Splitting Off by Triny FinlaySplitting Off by Triny Finlay

Splitting Off

byTriny Finlay

Paperback | March 23, 2004

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Triny Finlay's debut collection of poetry is a meditation on the self's negotiation with the material world. Finlay pushes poetic form and language, creating images of love and loss that are at once playful and profoundly disturbing. The poems in this collection are rife with metaphorical leaps and unexpected associations: the troubled self as conjoined twins or as a flatiron building; the predatory lover as axe-wielding gardener; coming-of-age as a surgical procedure. Blurring the line between subject and object, the voices in these poems explore individual experience from multiple points of view, never privileging any one possibility. These voices fill the book with startling discoveries of conflict and hope, simultaneously stitching and ripping the fabric of female identity.
Triny Finlay was born in Melbourne, Australia and grew up in Toronto. She is the author of Splitting Off (Nightwood, 2004), Histories Haunt Us (Nightwood, 2010), and the chapbook Phobic (Gaspereau, 2006). Her poetry has been anthologized in Breathing Fire 2: Canada's New Poets, Qwerty Decade, and Gaspereau Gloriatur: Book of the Blesse...
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Title:Splitting OffFormat:PaperbackDimensions:88 pages, 7.5 × 5.25 × 0.25 inPublished:March 23, 2004Publisher:Nightwood EditionsLanguage:English

The following ISBNs are associated with this title:

ISBN - 10:0889711984

ISBN - 13:9780889711983

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Reviews

Read from the Book

Self-Portrait as Ekphrastic TensionLet's call it what it is: desire,or hope, or chaos. Somethingsublime--a gilded frieze you touchedin Brussels, for love, in the public square; a vase you carried on your back through Asia because, though it cracked along the way, you thought it was sacred.What you should know about hopeis that it can't be pinned down. Eitheryou feel it or you don't and don'tmistake it for desperation. The oldstone will shift because of your fingers; sugar peas snap. The morning light in your livingroom will catch every gapin the vase if you glue it back together.HammerI was looking for a way into him,a point like a piano key that couldbe struck, or played, followed through with a finger stroke or the full force heel of my hand and still transmit its tonal pulse to the intended string. He found his way into me as if there were no feltat all covering my small, embodied hammers. Maybe, like a harpsichord, my strings were simply plucked, with a quillor some incised thorn of leather. Musicwas never a direct hit with him: somedays the tune could resonate for hours,others he lay mute, naked and controlled.Temple on the Gore RoadWe don't have wordsfor this kind of incongruity,ancient beauty replicatedon Canadian soil, plunkedat the edge of the subdivision,postcard ziggurat.We drive south into the city on a Thanksgiving Mondaywhile the cars going northqueue along the Gore Road, idlingas if caught mid-parade. We are goingthe wrong way for worship--a lineup we will never join, not for the pantheonic rush, not for the budget homes, not for the wonder.But we will stop for fresh corn at the sideof the road, for funeral processions, red lights.We've chosen our temples, our gods, and now their resplendence defies us.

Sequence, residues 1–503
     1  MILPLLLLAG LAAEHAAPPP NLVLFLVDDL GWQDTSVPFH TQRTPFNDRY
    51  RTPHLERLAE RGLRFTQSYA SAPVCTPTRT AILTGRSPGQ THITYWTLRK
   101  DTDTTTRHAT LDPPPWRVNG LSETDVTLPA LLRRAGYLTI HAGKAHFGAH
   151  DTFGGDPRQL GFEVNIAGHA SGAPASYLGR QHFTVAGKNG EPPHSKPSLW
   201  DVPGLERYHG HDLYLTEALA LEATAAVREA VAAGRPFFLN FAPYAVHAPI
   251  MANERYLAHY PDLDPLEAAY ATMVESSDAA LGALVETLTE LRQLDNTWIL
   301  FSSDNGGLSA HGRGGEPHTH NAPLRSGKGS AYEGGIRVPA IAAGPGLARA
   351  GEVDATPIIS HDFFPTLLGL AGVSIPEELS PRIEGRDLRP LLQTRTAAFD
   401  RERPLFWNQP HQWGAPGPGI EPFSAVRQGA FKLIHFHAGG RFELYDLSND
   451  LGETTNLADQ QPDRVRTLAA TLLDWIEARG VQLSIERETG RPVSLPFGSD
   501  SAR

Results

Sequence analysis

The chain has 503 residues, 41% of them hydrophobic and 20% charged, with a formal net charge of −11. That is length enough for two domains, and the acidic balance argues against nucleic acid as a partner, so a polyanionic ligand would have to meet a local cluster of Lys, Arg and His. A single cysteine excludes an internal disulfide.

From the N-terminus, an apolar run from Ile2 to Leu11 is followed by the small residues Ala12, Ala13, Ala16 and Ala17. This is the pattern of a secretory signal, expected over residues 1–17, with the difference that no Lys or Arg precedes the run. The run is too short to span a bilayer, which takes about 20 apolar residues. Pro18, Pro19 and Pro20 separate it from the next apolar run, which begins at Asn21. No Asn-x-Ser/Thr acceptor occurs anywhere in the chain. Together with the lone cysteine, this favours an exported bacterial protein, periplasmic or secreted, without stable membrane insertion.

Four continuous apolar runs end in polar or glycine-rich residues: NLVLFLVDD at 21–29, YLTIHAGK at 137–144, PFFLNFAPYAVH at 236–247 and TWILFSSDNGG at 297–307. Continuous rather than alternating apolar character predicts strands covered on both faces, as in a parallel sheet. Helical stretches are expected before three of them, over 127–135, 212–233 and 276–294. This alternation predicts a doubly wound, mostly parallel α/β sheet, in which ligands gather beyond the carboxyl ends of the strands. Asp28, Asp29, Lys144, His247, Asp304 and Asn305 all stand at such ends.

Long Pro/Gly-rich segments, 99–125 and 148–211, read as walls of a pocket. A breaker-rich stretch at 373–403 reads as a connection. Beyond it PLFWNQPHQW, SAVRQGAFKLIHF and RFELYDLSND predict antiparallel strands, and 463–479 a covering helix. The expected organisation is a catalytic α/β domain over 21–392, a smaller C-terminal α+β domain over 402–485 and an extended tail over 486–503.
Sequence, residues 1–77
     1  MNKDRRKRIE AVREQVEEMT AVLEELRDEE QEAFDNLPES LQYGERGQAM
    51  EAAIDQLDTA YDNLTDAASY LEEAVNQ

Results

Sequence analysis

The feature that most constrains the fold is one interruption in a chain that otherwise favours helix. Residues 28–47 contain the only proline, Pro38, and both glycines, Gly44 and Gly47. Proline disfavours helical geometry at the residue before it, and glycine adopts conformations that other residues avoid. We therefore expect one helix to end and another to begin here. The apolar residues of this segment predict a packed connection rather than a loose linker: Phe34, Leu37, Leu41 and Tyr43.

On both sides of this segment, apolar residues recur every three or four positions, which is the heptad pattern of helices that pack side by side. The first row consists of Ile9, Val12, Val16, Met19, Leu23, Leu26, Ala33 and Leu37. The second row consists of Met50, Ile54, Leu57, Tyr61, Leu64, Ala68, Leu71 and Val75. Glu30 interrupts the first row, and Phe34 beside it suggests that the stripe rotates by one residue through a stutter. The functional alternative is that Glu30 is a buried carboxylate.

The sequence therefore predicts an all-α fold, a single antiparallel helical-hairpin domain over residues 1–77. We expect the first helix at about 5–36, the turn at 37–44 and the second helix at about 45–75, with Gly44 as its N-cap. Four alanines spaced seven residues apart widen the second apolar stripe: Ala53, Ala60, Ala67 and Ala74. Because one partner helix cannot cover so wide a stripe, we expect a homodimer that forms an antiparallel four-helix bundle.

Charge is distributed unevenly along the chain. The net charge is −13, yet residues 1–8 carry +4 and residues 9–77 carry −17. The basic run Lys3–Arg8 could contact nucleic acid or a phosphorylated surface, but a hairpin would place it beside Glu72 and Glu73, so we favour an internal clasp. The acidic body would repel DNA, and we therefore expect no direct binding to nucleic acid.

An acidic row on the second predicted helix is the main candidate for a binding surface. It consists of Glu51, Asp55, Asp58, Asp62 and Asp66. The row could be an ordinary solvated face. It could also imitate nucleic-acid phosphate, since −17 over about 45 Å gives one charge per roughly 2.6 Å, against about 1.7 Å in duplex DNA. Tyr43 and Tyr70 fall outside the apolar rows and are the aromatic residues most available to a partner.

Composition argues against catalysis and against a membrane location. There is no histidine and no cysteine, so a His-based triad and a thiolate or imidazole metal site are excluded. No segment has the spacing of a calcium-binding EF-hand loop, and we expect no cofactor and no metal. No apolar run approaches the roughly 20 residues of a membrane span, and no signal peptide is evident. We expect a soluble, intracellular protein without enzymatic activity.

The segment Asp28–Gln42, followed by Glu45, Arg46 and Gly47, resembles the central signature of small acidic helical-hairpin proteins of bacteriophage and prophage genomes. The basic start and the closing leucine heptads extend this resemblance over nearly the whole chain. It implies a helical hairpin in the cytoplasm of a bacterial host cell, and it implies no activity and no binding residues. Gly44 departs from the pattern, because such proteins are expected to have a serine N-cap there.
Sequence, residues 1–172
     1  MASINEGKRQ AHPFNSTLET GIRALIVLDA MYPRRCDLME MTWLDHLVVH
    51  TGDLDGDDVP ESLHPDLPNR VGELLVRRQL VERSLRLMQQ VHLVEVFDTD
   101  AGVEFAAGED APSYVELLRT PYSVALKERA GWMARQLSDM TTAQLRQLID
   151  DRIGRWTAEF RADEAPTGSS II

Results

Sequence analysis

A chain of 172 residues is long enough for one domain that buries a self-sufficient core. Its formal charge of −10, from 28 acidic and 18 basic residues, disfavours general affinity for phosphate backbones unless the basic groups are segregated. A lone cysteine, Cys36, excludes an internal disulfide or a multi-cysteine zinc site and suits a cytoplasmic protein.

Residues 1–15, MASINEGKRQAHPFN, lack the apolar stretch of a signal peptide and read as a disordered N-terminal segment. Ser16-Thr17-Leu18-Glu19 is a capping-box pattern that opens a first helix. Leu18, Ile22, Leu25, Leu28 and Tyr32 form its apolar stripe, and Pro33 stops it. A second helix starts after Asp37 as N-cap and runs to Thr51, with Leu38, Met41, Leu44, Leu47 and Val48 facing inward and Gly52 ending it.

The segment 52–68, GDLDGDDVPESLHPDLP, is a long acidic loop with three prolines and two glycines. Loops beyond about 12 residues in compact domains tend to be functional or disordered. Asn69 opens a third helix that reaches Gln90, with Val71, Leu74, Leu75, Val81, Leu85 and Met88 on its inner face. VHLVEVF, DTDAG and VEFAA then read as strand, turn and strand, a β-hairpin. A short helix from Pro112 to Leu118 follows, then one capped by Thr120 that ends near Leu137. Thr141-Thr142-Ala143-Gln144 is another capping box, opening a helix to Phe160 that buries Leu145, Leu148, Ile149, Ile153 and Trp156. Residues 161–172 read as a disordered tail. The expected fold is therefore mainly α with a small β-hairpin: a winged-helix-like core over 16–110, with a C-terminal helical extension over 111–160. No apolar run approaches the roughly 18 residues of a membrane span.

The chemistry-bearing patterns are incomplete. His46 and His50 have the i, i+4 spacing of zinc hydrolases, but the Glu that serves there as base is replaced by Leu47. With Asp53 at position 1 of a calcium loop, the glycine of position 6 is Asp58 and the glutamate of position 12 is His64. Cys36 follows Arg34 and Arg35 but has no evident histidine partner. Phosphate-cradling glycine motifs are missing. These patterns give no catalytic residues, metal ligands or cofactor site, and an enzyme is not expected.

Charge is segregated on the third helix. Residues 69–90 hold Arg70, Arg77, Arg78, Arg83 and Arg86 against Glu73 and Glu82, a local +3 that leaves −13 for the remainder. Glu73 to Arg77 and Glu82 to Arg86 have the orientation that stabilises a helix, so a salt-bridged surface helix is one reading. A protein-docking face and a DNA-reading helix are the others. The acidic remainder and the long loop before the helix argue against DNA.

Editorial Reviews

"This is the work of poetry; this is the kind of talent I require to hold attention; this is the debut that seems as if it could have been written instead by a pseudonymous ten-book poet; this is poetry that seems so shaped, so aged, so ripe, so playful, so idiosyncratic (save for the snake in the grass cliché) that it can only come from one consciousness -- splitting off, as it were. With this book, Triny Finlay has made her mark."-Shane Neilson, PotryReviews.ca